J. W. N. Mercersburg, Pa.
Art. IV.-THE TRUE RELATION OF CHEMISTRY TO PHYSIOLOGY.
The progress of science, in modern times, has been such as to astonish every one viewing it from a stand-point outside of itself, while those actively engaged in effecting this progressive movement, seem hardly aware of the greåt discoveries which attend their daily labors. If an argument were needed to prove the progressive character of the human mind,-an idea which indeed is implanted in that mind by the Creator and dimly foreshadowed in the law which provides for the development of all organic creation from the germ to full maturity,if such an argument be needed, the wonderful progress of science would go far to supply the deficiency. The law of progress applies to all creation : with the animal it perishes with the death of the individual ; with man it does not die, in two senses,-in the one, it continues in another world, (so far as the immortal part is concerned) though, with more rapidity, hastening on to the attainment of greater and still greater good, or greater and still greater ill;—in the other, it lives on earth in the works he leaves behind him, the character of which depends greatly on the age in which he has lived and whose wants have called forth the relative faculties of mind necessary to minister effectually to them.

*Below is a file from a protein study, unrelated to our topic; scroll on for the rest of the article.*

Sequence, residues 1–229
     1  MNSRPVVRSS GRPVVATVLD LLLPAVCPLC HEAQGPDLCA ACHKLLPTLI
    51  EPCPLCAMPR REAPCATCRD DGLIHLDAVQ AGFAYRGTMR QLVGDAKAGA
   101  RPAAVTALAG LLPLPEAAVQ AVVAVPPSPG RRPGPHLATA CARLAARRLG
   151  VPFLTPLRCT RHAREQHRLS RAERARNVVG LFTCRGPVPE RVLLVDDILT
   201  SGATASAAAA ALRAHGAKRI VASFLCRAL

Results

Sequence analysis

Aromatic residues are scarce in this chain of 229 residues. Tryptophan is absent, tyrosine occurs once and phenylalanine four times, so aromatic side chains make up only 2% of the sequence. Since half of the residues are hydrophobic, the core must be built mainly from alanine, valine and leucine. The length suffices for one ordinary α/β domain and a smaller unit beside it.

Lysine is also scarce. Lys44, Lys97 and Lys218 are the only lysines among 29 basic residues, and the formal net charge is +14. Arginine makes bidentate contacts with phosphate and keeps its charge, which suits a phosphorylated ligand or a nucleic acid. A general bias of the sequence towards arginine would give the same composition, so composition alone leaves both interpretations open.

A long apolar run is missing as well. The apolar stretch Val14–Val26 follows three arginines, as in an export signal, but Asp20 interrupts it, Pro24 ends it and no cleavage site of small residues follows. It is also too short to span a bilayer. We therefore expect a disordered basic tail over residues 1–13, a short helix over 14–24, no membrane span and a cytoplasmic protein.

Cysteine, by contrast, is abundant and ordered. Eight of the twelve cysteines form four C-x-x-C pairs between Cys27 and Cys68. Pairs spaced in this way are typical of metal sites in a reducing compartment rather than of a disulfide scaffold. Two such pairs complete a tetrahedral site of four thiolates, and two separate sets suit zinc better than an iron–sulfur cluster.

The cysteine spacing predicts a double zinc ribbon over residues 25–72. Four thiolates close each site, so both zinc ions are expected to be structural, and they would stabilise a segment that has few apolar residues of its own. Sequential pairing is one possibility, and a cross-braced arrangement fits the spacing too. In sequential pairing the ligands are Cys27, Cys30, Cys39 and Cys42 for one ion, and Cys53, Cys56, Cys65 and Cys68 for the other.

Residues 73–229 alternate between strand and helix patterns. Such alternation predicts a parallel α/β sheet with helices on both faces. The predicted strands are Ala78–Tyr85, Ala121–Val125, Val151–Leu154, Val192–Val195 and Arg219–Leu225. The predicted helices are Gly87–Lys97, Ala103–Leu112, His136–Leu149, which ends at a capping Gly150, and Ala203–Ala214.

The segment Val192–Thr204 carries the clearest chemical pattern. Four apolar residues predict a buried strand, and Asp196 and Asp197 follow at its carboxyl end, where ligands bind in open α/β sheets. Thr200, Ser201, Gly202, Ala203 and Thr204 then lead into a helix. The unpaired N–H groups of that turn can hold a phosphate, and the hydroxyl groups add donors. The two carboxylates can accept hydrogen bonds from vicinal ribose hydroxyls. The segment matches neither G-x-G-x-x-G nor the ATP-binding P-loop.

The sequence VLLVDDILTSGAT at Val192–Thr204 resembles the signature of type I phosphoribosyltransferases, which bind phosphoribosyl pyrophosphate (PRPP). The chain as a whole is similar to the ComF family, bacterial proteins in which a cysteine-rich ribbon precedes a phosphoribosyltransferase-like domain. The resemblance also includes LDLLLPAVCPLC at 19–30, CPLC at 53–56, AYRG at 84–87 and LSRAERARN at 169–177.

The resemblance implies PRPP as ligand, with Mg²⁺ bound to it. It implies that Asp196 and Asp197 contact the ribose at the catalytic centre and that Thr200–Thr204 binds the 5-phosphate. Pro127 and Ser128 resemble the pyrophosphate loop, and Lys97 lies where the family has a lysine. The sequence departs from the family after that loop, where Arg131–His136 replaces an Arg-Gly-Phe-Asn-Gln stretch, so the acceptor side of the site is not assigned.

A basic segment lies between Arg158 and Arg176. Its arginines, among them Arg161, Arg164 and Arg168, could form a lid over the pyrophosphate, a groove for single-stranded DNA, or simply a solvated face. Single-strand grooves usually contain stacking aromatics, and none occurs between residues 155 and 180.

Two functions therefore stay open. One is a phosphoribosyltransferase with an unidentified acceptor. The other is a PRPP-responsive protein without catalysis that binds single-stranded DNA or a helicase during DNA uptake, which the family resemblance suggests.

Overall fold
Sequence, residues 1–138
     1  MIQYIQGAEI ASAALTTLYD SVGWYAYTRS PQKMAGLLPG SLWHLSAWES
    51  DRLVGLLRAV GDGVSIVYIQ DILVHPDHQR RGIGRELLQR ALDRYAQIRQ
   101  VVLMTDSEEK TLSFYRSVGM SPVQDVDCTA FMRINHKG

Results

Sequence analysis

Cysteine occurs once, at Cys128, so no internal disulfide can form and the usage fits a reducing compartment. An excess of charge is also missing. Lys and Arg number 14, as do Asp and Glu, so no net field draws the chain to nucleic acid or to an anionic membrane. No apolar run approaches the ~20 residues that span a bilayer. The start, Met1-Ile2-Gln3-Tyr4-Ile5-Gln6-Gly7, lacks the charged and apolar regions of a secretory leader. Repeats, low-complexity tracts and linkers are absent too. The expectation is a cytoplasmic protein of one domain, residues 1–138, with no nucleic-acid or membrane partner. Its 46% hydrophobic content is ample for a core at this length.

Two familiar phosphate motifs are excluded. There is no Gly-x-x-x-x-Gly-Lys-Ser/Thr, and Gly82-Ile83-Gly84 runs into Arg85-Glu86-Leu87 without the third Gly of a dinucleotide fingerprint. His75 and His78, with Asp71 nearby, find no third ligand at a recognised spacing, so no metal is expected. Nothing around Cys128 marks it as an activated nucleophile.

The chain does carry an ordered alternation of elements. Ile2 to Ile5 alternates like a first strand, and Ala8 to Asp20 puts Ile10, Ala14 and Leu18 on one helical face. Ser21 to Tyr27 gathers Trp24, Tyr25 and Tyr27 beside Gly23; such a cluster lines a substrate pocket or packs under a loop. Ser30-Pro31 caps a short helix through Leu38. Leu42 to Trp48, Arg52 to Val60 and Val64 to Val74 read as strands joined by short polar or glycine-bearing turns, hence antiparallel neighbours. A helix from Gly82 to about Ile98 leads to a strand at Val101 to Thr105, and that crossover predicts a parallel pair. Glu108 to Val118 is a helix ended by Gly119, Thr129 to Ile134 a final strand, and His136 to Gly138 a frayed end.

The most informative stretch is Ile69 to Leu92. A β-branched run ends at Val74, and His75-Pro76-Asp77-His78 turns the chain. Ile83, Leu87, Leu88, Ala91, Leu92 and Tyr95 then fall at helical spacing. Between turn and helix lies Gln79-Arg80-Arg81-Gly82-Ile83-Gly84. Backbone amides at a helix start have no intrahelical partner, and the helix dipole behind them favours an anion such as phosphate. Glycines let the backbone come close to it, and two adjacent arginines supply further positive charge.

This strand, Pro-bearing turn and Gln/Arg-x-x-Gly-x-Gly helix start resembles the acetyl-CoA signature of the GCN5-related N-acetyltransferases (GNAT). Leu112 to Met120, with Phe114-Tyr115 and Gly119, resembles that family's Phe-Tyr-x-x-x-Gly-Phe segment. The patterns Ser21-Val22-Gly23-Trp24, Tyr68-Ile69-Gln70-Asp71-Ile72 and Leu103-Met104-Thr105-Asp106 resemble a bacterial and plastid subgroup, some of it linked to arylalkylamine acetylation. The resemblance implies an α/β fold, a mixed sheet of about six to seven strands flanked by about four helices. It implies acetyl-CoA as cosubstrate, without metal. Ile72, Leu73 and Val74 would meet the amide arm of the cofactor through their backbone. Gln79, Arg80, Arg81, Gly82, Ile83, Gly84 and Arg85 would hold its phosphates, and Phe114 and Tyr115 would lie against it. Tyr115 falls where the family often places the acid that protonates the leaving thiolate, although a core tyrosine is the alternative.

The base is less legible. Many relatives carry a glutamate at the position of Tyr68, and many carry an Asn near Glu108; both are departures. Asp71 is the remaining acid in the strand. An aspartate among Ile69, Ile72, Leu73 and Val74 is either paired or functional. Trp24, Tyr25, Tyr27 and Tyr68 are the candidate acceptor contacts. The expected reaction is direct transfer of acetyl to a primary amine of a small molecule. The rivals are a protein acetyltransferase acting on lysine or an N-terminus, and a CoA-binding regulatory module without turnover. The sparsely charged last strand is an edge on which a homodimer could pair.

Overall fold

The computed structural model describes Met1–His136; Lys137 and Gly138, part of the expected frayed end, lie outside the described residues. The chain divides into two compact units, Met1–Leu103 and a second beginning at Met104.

The wants of any particular age thus give direction to the mental labors of its great men, and as these are theoretical or practical, warlike or pacific, we find that the great works peculiar to the age are philosophical or practical, abounding in refinements of the art of war, or in the more harmonious and peaceful evidences of philanthrophy. With all this, however, it seems that, in the course of humanity on earth, there has been predominant since its very beginning an onward tendency towards a fuller development of its faculties and the productions of those fruits of mind, which afford perennial evidence of the greatness of its Creator. This onward tendency may seem at times to be retarded in various ways, and retrogression rather than progression to take place. During such intervals, strength is gained, which pushes on then with a vigor much increased by the delay. The progress has been not unaptly compared to that of a spiral where the curve, it is true, seems to return to the point from whence it started, but in fact is all the while advancing onward from that point.